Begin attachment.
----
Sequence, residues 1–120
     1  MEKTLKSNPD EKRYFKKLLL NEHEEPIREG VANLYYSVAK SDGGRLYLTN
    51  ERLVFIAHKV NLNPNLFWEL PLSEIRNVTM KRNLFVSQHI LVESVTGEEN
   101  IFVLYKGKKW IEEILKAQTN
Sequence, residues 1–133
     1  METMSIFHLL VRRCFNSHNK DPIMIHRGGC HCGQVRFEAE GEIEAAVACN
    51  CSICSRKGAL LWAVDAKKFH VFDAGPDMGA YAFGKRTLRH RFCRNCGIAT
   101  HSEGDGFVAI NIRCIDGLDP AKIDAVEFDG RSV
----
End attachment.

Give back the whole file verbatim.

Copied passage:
Sequence, residues 1–120
     1  MEKTLKSNPD EKRYFKKLLL NEHEEPIREG VANLYYSVAK SDGGRLYLTN
    51  ERLVFIAHKV NLNPNLFWEL PLSEIRNVTM KRNLFVSQHI LVESVTGEEN
   101  IFVLYKGKKW IEEILKAQTN
Sequence, residues 1–133
     1  METMSIFHLL VRRCFNSHNK DPIMIHRGGC HCGQVRFEAE GEIEAAVACN
    51  CSICSRKGAL LWAVDAKKFH VFDAGPDMGA YAFGKRTLRH RFCRNCGIAT
   101  HSEGDGFVAI NIRCIDGLDP AKIDAVEFDG RSV